These two changes allowed our test model to nicely converge for the full amount of load.
The Newton-Raphson Residual plots are always displayed on the original geometry, not the deflected geometry at version 14.0 of ANSYS Mechanical. If the deflections are large this can make it harder to ascertain what is causing the high residual values. In those cases, it can be helpful to compare the total deformation and stress plots for the unconverged solution, along with those plots for the last converged solution, with the 1.0 true scale on the deformation active. This will show the parts in their deflected state, and that can help in determining why the residuals are high at certain locations.
We recommend creating at least 3 residual plots (set in the details of Solution Information as described above). Sometimes the location of the imbalance can bounce around a bit from equilibrium iteration to equilibrium iteration, so having more than one or two plots to look at can be beneficial in determining problem locations.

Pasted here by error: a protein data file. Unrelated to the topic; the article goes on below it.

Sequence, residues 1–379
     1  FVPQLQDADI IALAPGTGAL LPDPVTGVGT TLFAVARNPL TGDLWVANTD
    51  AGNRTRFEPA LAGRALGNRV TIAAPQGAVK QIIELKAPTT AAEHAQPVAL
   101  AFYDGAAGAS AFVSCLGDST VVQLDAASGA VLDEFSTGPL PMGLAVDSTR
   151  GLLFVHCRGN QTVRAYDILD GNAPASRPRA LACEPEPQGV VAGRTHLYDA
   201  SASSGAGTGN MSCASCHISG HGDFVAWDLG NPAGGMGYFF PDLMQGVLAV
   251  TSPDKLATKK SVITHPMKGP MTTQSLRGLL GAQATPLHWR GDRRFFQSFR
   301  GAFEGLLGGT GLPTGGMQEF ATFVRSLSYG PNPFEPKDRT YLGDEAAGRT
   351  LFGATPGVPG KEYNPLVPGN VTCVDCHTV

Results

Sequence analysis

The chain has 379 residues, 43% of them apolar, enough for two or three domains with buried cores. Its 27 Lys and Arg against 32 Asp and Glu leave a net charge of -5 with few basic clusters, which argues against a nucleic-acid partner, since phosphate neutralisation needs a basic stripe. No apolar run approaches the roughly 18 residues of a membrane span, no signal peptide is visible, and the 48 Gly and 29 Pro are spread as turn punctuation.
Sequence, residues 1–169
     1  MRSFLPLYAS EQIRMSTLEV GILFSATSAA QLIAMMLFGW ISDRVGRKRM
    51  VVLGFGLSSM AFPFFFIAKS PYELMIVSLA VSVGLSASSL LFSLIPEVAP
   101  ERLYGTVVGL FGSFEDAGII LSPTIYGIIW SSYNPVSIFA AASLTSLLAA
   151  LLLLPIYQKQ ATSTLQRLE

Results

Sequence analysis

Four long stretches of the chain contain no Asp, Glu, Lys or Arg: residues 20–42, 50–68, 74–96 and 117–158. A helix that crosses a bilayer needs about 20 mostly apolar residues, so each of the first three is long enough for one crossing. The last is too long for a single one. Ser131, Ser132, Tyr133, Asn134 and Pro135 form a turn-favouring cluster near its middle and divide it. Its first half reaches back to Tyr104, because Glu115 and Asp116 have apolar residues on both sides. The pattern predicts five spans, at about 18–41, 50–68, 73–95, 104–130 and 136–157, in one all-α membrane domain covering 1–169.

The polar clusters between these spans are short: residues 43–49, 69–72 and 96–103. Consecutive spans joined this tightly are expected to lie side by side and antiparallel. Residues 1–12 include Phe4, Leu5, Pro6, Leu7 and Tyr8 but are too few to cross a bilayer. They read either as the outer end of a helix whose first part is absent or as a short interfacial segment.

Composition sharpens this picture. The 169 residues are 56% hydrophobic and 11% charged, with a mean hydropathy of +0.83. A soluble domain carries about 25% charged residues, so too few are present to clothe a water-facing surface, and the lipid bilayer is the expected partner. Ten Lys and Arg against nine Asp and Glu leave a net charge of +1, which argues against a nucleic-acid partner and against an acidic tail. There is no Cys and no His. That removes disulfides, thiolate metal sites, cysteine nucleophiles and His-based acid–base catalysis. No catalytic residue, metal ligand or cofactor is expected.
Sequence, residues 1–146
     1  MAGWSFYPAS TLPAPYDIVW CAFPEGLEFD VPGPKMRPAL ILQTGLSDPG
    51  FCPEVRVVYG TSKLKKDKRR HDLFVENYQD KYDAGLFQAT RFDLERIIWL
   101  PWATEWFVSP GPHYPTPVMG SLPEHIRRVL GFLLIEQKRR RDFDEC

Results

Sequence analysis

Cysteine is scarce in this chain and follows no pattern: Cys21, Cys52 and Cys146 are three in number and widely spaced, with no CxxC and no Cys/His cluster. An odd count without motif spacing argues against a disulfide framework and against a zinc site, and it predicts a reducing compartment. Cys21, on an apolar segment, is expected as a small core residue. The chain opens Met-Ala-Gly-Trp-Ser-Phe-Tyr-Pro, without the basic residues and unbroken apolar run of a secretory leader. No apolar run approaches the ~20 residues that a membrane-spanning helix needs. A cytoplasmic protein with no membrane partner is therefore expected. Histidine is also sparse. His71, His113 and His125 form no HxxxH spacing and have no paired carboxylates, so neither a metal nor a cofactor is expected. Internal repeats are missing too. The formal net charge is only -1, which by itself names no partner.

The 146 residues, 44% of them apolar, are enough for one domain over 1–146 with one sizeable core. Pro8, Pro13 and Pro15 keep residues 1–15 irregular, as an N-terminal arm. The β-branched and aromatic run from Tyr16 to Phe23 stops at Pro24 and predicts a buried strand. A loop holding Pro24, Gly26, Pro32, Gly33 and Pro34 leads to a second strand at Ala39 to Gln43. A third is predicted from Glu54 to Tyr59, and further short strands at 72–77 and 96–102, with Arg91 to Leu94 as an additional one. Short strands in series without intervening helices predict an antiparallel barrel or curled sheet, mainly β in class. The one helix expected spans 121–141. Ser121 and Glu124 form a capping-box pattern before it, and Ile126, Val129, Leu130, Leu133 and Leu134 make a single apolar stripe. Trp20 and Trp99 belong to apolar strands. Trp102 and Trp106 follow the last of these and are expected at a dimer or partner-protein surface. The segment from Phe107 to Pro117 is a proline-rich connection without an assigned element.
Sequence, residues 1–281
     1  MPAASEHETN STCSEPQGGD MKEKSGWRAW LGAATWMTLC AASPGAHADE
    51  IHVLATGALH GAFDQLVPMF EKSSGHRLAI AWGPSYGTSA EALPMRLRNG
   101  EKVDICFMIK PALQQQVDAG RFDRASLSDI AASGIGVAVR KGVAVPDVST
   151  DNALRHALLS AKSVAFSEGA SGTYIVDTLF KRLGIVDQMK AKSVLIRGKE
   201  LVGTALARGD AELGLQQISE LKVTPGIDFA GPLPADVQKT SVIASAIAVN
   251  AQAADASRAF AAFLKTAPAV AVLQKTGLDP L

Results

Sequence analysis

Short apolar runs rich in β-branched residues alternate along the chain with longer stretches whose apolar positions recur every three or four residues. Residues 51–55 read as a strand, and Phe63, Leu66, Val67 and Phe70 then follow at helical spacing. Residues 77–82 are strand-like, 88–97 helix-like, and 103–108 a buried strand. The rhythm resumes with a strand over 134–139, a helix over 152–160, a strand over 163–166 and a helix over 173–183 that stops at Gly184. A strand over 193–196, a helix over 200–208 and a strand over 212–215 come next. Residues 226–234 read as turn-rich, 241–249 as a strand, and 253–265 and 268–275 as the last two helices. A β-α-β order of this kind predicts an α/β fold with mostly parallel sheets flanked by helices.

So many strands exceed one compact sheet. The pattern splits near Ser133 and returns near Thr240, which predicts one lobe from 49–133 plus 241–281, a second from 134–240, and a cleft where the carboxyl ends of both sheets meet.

Summing it up, the Newton-Raphson residual plots are one piece of information we can use to determine why we are having convergence difficulties. They can give us an indication of where the convergence difficulties are occurring in the model, and many times we can use that information to help us know what settings should be modified or what other changes should be made to the model to improve the convergence behavior.
In part II of this article, we’ll look at how to quickly use ANSYS Mechanical APDL to view the elements that have undergone too much deformation.